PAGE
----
Position the ladder just left of the center of the roller bar, with the hammer atop the ladder. Hold the roller bar up, pull out the remaining bracket bolt, and pull the roller bar left. If necessary, gently tap the right bracket as you pull the bar through the right shaft bearing. Keep the bar horizontal. When the roller bar is free of the bearing, lower it carefully to the floor.

Step 6

Remove the cotter pin from the left end of the shaft, and slide the left bracket off the end, noting its orientation on the roller bar. Lightly file rust and burrs from the bar, and lightly oil the bar. Match the replacement spring against the broken spring to be sure the coil goes the same way; you will put the other replacement spring, with opposite coiling, on the other end. Use a socket wrench and snap-lock pliers to remove bolts and nuts from both ends of the broken spring.

Attach New Springs and Remount Door

Step 1

Slide the new left spring and the left bracket onto the roller bar, making sure the bracket is oriented the same way it was when you took it off. Attach the spring to the bracket and roller disk. Replace the left cotter pin. Slide the new right spring onto the other end of the roller bar and attach it to the roller disk with the same size bolt assembly (bolt, nut, washer, and lock washer) you used on the left spring. Attach a bolt assembly to the other end of the right spring (but not, later, to the bracket); the spring is now an installed spare on the roller bar assembly.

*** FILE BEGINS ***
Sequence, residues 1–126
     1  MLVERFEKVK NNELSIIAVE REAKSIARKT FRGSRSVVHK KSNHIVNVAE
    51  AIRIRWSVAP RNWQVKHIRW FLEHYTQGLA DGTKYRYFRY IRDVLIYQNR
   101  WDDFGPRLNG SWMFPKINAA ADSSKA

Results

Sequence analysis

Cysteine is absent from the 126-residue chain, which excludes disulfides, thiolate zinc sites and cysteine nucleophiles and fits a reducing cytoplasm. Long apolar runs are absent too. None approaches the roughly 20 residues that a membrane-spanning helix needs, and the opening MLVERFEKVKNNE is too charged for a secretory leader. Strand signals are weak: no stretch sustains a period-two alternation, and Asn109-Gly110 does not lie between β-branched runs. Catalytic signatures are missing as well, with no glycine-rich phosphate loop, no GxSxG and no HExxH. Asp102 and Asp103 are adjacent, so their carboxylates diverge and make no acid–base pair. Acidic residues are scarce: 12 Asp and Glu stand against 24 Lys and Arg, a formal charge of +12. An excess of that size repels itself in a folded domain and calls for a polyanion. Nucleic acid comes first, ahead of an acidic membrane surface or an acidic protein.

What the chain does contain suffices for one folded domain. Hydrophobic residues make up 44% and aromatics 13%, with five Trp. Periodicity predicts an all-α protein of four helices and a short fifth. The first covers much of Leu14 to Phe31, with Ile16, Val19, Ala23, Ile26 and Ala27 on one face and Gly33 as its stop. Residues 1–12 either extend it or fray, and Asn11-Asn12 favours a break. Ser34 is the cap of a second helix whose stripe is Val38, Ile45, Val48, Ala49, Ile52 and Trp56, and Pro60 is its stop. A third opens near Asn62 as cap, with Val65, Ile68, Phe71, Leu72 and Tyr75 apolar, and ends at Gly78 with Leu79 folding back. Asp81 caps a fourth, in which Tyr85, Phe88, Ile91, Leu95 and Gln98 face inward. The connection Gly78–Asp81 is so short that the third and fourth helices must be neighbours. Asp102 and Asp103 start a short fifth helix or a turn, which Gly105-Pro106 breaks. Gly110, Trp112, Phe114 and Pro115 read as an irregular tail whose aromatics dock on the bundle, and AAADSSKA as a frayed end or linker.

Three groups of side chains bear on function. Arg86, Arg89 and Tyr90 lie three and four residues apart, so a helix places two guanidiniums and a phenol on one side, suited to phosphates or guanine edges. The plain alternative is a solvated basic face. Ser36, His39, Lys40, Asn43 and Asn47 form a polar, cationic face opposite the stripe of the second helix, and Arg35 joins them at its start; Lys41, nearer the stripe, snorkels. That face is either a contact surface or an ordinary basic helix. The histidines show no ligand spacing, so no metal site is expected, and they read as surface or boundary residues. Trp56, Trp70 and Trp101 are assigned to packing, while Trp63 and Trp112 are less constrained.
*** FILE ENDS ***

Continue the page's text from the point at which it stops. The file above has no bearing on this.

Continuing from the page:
Step 2

Raise the roller bar assembly and slide its right end into the right shaft bearing. Use the hammer to tap lightly on the bracket if necessary. Push one of the bolts through the left bracket into the track (backwards if necessary) to hold the assembly in place. Replace the other bracket bolts, tightening the nuts loosely, then fix the first bolt and tighten all nuts and bolts snugly. Replace the right cotter pin.

Step 3

Place the socket wrench atop the ladder, and, wearing gloves, use a roller disk to put two turns on the roller bar, in the direction as if the door were going shut. Wedge a gloved hand, gripping the roller disk, between the disk and the door to hold it while you use your other hand to replace the sheet-metal screws holding the door to the roller disks. This may take several attempts even after you know how.